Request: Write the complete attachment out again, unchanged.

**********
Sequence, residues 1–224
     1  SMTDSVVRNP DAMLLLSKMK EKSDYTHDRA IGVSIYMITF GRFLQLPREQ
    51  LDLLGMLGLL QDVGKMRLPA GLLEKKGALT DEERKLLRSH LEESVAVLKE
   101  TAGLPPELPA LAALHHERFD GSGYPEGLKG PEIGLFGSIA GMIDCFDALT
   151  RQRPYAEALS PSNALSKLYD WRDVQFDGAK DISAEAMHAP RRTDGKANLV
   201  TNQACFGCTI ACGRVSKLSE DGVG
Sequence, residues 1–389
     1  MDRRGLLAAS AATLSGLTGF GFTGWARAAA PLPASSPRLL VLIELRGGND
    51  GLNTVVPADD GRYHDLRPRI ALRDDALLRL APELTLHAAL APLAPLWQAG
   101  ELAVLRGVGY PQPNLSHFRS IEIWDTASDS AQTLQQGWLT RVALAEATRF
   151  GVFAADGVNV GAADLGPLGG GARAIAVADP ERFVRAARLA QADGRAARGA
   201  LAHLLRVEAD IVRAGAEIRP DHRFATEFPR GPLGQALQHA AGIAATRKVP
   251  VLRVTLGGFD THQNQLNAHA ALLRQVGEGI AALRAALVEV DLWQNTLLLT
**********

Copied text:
Sequence, residues 1–224
     1  SMTDSVVRNP DAMLLLSKMK EKSDYTHDRA IGVSIYMITF GRFLQLPREQ
    51  LDLLGMLGLL QDVGKMRLPA GLLEKKGALT DEERKLLRSH LEESVAVLKE
   101  TAGLPPELPA LAALHHERFD GSGYPEGLKG PEIGLFGSIA GMIDCFDALT
   151  RQRPYAEALS PSNALSKLYD WRDVQFDGAK DISAEAMHAP RRTDGKANLV
   201  TNQACFGCTI ACGRVSKLSE DGVG
Sequence, residues 1–389
     1  MDRRGLLAAS AATLSGLTGF GFTGWARAAA PLPASSPRLL VLIELRGGND
    51  GLNTVVPADD GRYHDLRPRI ALRDDALLRL APELTLHAAL APLAPLWQAG
   101  ELAVLRGVGY PQPNLSHFRS IEIWDTASDS AQTLQQGWLT RVALAEATRF
   151  GVFAADGVNV GAADLGPLGG GARAIAVADP ERFVRAARLA QADGRAARGA
   201  LAHLLRVEAD IVRAGAEIRP DHRFATEFPR GPLGQALQHA AGIAATRKVP
   251  VLRVTLGGFD THQNQLNAHA ALLRQVGEGI AALRAALVEV DLWQNTLLLT